I stumbled across recipes for Hasselback Potatoes several months ago and was instantly intrigued. I love potatoes and here was a new way to offer them. I quickly found ways to make them varied widely. Originally this post was going to offer two options - one baked in the oven with thin slices of potato stacked on end and this one. Even though the slices in the first one were tossed in a mix of butter, salt, pepper, garlic and fresh herbs, they were only good not great. I decided to change direction and focus on the recipe I liked best.
In this version, the preparation of the whole potatoes - thin slices cut 3/4 of the way through - is the more traditional presentation. The potatoes are then brushed with butter (or butter with garlic, herbs, etc) - on top and down into each slice - sprinkled with salt and pepper, and then baked in the oven. I wanted them crispier, so decided to use my air fryer and loved the final results.
Slicing the whole potatoes most of the way through can be tricky. The suggestion I saw most often was to put the potatoes in the well of a big wooden spoon. Instead, what I found was super easy and fool proof for me was putting the potato between 2 wooden spoons with flat 1/4" handles on a cutting board. It took seconds and every slice stopped at exactly the same place.
Notes on cooking - Most say heat your air fryer to 350 degrees, so I stuck with that. Cooking times varied from two 15 minute sections, to two 20 minutes sections. In between these sections most agreed - baste with butter or oil and move around if not cooking evenly. I went with the two 15 minutes sections. The potatoes were cooked, but on the slightly firmer side which is the way my husband prefers them. If you like them softer, then I would use the longer cooking times.
When to add the Paremsan - For the potatoes I made shown above in the photo, the cheese was added in the middle break between the two 15 minute cooking sections. I brushed the potatoes with butter, sprinkled them with salt and pepper then piled parmesan on each. I wouldn't add it any sooner. If you chose to do two 20 minutes sections because you like the potatoes softer, I would add the cheese the last 10 - 15 minutes to be safe. And I wouldn't used that cheap powdery Parmesan. Quality cheese either shredded, or even a small coarse chop texture, would work best here.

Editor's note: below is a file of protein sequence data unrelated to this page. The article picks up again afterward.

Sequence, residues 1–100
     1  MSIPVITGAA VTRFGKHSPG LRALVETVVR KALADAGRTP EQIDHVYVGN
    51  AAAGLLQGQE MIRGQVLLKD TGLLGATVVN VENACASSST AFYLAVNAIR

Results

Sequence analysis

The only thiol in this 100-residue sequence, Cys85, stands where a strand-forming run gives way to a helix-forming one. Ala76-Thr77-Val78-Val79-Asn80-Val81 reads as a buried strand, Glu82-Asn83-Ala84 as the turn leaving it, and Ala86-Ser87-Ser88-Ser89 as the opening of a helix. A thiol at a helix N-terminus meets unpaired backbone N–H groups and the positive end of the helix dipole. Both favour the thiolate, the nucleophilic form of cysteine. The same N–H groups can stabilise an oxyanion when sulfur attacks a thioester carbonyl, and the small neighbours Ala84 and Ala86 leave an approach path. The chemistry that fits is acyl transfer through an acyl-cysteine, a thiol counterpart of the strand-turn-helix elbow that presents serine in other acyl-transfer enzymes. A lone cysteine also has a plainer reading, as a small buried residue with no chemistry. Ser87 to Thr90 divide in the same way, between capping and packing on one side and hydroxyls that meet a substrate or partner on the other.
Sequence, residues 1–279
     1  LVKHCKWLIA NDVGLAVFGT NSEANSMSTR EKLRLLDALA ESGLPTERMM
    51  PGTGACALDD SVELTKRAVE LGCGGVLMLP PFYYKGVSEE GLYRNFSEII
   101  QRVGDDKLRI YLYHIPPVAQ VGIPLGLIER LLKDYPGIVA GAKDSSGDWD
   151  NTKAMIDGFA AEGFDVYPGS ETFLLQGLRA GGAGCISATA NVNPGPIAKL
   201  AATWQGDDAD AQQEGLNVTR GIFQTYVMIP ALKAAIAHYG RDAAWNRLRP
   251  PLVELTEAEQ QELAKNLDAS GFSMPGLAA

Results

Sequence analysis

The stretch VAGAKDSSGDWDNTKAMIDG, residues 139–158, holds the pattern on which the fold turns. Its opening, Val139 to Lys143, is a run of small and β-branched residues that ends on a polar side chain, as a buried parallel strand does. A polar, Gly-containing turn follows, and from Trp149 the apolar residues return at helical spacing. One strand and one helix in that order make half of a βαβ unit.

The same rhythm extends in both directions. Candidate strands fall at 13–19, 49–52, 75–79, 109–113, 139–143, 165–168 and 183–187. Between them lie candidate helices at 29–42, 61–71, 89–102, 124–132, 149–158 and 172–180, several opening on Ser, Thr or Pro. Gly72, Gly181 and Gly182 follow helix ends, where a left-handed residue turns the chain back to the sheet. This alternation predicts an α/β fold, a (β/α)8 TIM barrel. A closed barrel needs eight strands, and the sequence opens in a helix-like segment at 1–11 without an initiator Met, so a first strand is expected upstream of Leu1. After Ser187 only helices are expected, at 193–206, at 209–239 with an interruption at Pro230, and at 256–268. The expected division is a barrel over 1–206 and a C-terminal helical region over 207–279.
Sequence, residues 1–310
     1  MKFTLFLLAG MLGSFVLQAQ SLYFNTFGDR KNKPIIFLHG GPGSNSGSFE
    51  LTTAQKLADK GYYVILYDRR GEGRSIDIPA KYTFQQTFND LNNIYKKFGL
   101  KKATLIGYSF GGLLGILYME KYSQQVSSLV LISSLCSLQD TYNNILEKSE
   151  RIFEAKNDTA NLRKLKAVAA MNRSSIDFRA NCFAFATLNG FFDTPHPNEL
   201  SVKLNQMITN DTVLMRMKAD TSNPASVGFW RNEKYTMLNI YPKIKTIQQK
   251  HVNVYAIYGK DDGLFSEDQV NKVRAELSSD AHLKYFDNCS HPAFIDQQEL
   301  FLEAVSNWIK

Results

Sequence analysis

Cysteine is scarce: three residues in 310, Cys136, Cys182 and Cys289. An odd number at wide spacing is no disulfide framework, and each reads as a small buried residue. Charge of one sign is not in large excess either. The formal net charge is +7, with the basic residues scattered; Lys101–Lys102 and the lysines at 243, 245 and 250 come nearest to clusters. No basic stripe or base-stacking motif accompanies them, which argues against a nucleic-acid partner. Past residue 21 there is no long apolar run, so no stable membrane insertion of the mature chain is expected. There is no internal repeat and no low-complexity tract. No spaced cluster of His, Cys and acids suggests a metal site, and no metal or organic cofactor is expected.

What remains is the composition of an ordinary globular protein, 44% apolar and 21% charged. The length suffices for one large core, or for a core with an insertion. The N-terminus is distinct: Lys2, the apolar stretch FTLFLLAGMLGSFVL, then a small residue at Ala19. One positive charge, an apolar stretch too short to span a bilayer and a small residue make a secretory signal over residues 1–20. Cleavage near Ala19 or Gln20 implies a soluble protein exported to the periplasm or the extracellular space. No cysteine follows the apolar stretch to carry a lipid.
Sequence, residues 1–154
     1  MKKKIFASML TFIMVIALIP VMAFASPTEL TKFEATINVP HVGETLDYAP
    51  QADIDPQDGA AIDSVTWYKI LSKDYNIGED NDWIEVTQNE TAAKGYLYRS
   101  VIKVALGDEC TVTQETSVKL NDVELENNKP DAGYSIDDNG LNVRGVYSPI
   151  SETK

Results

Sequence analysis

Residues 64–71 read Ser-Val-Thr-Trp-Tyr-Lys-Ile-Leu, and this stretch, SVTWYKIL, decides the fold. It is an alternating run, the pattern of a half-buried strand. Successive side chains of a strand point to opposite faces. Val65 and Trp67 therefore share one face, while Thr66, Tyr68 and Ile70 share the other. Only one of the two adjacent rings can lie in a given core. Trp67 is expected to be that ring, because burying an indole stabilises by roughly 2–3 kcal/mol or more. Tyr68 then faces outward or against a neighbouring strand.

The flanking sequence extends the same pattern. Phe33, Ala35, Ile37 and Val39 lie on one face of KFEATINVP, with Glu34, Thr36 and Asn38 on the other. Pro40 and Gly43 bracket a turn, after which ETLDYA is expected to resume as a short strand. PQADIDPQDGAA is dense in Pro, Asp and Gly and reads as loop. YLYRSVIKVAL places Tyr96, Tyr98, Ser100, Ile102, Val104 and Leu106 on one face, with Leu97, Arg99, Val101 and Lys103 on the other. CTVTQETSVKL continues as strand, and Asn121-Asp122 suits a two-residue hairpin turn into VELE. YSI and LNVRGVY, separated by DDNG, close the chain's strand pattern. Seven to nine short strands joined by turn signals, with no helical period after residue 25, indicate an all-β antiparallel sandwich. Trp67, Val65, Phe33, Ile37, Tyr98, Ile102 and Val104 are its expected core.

I hope you enjoy making these as much as I did. Please comment on the recipe or tag me if you make them yourself so I can see what you did.
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Air Fryer Hasselback Potatoes
1 Large Garlic (or 2 smaller cloves).
salt and pepper
1/4 C Parmesan cheese shredded (approximate - whatever fits on top of your potatoes).
Finely mince garlic or put through a garlic press (this 2nd works the best). Add to the butter along with a bit of salt and pepper. Melt the butter in the microwave or on the stove top. You should be able to smell the garlic. Keep warm.
Place a cutting board on the counter and set 2 wooden spoons with flat 1/4" handles on it. Put a potato between the spoons and tuck them in tight on each side. Using a large chopping knife, create 1/4" slices (no bigger but can go smaller if you like) in the potatoes from top down to the spoons. Set aside and cut 2nd potato.
Using a basting brush, brush the butter down into each slice of both potatoes. Be gentle as you don't want to break the potato apart. Then brush the tops of both potatoes. Use about 1T butter per potato. Set aside the last 1T to brush the tops of the potatoes mid-cooking. Place the potatoes in your air fryer leaving a tiny bit of space between them if you can.
Air Fry at 350 degrees for 15 min. (20 min. if you want a softer potato). Then open your air fryer, brush with the tops with the last tablespoon of butter, sprinkle on a little more salt and pepper and then pile some parmesan on each. Put the lid back on and air fry for another 15 min. (20 min. if you want a softer potato).
Note - in case you didn't read the note above, if you use the longer cooking time for a softer potato, don't add the Parmesan until the last 10-15 minutes. 20 minutes is just too long.